Drinkening with Charlse Mudede
The Cinema of Maneki
I walk by a pink-bright cherry-blossom tree, cross the street, pass the construction area for the First Hill Streetcar, proceed up the sidewalk, open a stiff glass door, make an immediate left, and enter the small bar at Maneki. There are only 10 stools along the bar, and all of them are taken by the friendliest drinkers in J-town. And though the place is crowded, it's not noisy. Everyone is talking, but not talking loudly. This is the essence of civilized drinking.
The bartender is Fusae Yokoyama, whose gray-and-black hair is neatly done up, whose lips are painted red, and whose nose is pinched by big octagonal glasses. When she sees me, her eyes open wide, because I haven't appeared here in three years—my move from Pioneer Square to Columbia City is entirely responsible for this absence. "You haven't changed at all," she says in her little but punchy voice. I think to myself that she has not changed at all, too—same age, same size, same expression. I order a chilled can of Kikusui Funaguchi's sake, which costs $10 and has 19 percent alcohol. "I'm going to Las Vegas tomorrow for a vacation," Yokoyama says, "so it's good you came in today."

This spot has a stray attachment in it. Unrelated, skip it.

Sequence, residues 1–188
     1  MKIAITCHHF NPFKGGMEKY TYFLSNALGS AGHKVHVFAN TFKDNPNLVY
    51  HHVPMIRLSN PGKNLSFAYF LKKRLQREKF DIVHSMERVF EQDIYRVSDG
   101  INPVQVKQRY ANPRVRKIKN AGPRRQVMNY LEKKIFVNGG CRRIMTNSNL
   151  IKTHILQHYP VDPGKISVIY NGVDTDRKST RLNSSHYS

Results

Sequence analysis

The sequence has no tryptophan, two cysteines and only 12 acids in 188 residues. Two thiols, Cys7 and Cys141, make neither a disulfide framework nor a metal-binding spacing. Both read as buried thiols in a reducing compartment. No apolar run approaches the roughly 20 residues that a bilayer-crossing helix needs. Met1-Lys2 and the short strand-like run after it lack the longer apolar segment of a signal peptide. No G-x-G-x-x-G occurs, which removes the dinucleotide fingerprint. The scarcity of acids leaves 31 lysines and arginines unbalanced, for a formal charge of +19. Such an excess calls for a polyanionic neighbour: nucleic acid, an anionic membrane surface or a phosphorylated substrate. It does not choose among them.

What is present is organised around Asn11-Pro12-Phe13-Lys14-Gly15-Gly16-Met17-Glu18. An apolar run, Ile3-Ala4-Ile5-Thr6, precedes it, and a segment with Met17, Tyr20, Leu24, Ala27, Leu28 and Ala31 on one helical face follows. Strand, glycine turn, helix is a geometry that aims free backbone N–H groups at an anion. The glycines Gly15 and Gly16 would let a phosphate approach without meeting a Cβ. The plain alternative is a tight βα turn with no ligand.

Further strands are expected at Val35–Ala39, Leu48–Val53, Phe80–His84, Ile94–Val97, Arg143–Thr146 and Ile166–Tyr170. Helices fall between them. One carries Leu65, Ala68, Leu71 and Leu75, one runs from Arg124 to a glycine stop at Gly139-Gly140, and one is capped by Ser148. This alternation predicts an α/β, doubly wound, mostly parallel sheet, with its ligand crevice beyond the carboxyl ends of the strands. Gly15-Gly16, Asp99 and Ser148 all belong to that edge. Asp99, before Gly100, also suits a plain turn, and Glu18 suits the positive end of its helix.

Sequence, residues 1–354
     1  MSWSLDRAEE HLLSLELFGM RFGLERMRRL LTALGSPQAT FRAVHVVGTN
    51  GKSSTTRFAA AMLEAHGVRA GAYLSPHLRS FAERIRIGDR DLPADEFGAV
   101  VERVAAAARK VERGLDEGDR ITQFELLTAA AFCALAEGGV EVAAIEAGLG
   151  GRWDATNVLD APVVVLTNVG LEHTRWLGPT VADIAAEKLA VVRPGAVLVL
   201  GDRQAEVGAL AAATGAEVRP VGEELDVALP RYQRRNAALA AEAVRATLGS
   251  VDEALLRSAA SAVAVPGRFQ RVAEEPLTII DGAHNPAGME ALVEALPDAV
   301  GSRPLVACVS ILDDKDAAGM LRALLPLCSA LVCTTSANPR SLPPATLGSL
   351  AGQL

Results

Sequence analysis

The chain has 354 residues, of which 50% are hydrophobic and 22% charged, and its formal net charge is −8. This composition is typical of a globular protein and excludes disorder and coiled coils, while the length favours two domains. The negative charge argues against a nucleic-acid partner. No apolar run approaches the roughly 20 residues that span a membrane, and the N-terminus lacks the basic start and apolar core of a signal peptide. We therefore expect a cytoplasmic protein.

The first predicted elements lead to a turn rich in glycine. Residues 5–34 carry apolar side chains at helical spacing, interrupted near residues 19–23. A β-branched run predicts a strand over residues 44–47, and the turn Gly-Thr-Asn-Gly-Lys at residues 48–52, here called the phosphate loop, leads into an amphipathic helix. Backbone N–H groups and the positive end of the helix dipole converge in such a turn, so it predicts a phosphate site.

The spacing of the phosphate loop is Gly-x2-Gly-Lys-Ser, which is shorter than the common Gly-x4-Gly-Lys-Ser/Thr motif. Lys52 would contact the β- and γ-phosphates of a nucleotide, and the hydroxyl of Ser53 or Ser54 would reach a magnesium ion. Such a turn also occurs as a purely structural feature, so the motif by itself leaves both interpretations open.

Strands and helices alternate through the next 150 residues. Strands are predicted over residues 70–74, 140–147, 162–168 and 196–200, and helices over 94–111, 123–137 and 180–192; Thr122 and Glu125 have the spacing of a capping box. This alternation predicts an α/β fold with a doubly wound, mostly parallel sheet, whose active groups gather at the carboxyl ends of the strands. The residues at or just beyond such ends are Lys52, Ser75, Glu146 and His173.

Yes, we warm-blooded animals always feel all warm inside when we see old friends from the past. Can you imagine a lizard being excited about seeing another lizard from its past? All it would do is flick its tongue about, make mean eyes, and scamper into the shade. The reason I love the bar in Maneki is because it always reminds me of the bar in a curious scene in Yasujiro Ozu's 1962 film An Autumn Afternoon. That bar is called Torys. It's in a dense, working-class quarter of Tokyo. It's small. It has yellow bar seats. It is operated by a middle-aged woman who reminds Shuhei Hirayama (Chishu Ryu), the film's main character, of his dead wife. Shuhei is taken to Torys by an old and portly friend he met at a cheap noodle restaurant. Shuhei was the portly man's officer during the war. At the bar, they listen to patriotic music and recall military songs as they drink whiskey. In my mind, walking into Maneki is like walking into Torys.